Monday, February 2, 2009

Queen for a Day

This morning when my 8-year old woke up she said "There's something I'm excited about today but I can't remember what it is?" and then she remembered her ears.

Yesterday, at approximately 16:55 PST, at the mall, Giselle became a girl with her ears pierced. It's like a Bat Mitzvah or something for shiksas, a true threshold into Big Girl World. Now she has little pink daisies on her soft little lobes where yesterday there were just felt tip pen marks. Oh, and the psychological marks will probably last a few years.

I don't remember when I walked through the threshold into Big Girl World. It might have been my first pair of platform shoes when I was eleven, which I wore with my rainbow toe socks and bell bottom jeans. This, after just one year previous, I was wearing homemade jeans. That's right, homemade. They had an elastic waist, no zipper, and patches of cartoon monsters on the knees. That was a humiliating time in my elementary school career, and also not coincidentally, my last year at that public elementary school.

One afternoon in third grade, Mrs. Gonzales asked all the kids "What are you going to be when you grow up?" A question I'm frequently asking people (young and old) because it reveals so much about their inner secret self and that's the thing I'm always trying to reveal. At age nine, I was so shy that I had no friends, didn't play at recess, and if you were to ask anyone in the classroom what my name was they wouldn't know. There were the popular kids, and the despised kids, but I fell into my own category ... invisible.

Mrs. Gonzales went around the room and extracted an answer from each student. They gave the same predictable answers over and over again: Fireman, nurse, teacher, mommy, veterinarian, blah, blah, blah. But I had a secret life that I led in television land. That little 24" box with antenna on top held all my dreams in it. I wanted to be a Brady. I wanted to live in the Addams Family house. And I loved watching roller derby, the Bay City Bombers to be exact.

I was in the last row (that's where the quiet kids are positioned because the teachers don't have to tell them to shut-up all the time) so I was one of the last kids to be called on. My hair was long, straight, and dirty. It it hung in my face as a shield against the harsh earthlings who were able to destroy me with a single word "hi." I had never raised my hand in my life, even if I was about to pee my pants. When Mrs. Gonzales called on me I was not as terrified as usual because I had already given this question great consideration and knew my answer was right and perfect.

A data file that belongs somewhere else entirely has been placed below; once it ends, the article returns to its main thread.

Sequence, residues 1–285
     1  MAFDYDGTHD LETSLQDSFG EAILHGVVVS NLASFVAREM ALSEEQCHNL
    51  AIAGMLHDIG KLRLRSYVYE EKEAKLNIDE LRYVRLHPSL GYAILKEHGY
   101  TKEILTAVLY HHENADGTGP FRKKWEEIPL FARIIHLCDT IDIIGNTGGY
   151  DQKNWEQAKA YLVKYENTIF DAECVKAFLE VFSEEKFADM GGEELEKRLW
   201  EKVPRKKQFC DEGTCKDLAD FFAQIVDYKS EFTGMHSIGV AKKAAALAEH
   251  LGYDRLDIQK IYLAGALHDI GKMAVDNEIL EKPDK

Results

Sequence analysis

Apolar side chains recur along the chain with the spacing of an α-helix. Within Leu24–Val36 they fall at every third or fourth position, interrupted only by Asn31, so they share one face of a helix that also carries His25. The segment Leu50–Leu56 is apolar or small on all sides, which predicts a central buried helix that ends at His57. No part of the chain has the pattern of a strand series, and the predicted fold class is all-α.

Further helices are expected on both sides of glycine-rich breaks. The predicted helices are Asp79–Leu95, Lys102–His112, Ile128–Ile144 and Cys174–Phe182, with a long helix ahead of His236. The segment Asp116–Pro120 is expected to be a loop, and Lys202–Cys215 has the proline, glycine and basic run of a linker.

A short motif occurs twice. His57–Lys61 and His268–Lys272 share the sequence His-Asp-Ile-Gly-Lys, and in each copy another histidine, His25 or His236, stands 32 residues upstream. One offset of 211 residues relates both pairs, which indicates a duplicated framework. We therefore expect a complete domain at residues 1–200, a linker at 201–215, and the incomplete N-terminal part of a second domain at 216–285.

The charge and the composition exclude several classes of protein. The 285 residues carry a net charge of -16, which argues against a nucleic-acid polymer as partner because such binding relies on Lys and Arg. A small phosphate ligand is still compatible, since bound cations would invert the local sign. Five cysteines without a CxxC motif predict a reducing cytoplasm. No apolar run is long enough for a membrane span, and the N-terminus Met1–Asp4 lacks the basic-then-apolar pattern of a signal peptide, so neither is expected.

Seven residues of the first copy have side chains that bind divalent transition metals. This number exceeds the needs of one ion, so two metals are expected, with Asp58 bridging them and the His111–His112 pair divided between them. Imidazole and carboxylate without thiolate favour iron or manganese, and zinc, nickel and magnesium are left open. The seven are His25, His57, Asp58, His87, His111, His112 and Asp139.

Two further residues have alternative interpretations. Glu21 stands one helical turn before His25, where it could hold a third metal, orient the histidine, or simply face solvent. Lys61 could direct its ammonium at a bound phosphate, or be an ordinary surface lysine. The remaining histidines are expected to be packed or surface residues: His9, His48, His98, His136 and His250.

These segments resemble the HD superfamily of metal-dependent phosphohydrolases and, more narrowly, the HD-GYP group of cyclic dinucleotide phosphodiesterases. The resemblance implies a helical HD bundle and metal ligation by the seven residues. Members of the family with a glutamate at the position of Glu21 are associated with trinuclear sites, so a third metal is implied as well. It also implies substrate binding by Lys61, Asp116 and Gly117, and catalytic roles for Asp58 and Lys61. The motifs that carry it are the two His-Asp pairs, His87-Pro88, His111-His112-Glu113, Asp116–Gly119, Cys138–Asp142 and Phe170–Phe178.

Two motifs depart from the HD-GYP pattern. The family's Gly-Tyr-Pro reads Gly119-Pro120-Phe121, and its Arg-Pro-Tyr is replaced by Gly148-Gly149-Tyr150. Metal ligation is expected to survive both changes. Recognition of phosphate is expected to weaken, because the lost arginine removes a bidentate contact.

I quietly said "I want to be a roller derby queen." A hush fell over the classroom and then hands started shooting up like a Courtney Love. "Me too!!" "Me too!!" "I want to change mine, I want to be a roller derby queen too!!" And for the first time and the only time at Fairmede Elementary School, I was cool.

Sadly, I did not pursue this dream and, in fact, now I'm scared to death of skating because I'll surely break both my wrists like a lady I used to work with, and that's all I need. But look, I did finally become a queen... the Blogger Queen.


  1. Great answer! I have no doubt that you would have made a fantastic Roller Derby Queen.

    I wanted to be a semi truck driver. I have no idea where that came from. I think I wanted to honk the horn or something cool like that. I never pursued that dream, but my dad did take me to a semi truck sales lot. The salesman let me honk the horn. Dream was somewhat met, and I moved on!

  2. I am a roller derby queen with the bay city Bombers! THANKS!

  3. Great post! Popped right outta that shell for a moment to announce "Roller derby queen!" didn't ya'? Did you make any friends after that since you obviously had the coolest answer?

    I wanted to be an actress. Yikes!

  4. I've never been to a roller derby, but man did I love Jim Croce's song on my dad's 8-track when I was growing up. I would be a terrible roller derby queen: skinny, weak, passive. Are there any roller derby clowns, like at the rodeo? Maybe we could distract the most aggressive queen and then jump in a barrel to hide.

  5. Summer - what a great dad! Lucky.

    Roller Derby Queen - maybe some of us will come and see you sometime. We all love a good fight every once in a while. But how do I know you're not just a poser?

    Akilah - No. No friends until I went to private school for hippies. Then I found out what life was all about. Thank for visiting again!

    Anonymous - Skinny, weak, and passive ... Hotcha cha!!

  6. Roller Derby Queen, what a great dream!! Tracy and I were skating a few months ago when I was approached by a women who asked if i would like to join thier roller derby team. I was very flatttered and thought it might be kinda fun, but then rememebered how much I liked my teeth and all the aches and pains i already had, so no thanks. It was fun to be asked though!!

  7. Wendy!!!!!! What? You were approached? Damn girl, respect out to you! But its true, you're teeth are pretty great, so are knees, elbows, wrists, etc. Probably all worth it just to have a Roller Derby Name. I think that shall be my next Blogger Queen poll.

  8. Another really funny post. I will have you know that I truly searched Hi and Low to look for an (in)appropriate roller derby name for myself. I am very curious to see what our anonymous new friend's roller derby name is...there are some great ones. I even found the form for register your name. I am thinking it might be in my future. God knows I am aggressive enough and not to mention a real bitch! But, like Wendy, I am a fan of my teeth, and I do bruise easy. But think of waht great exercise it is!

  9. I just found you via a comment you left on my blog and oh, am I glad I did. I think you may well be my soul sister, but ballsier. And I like that.


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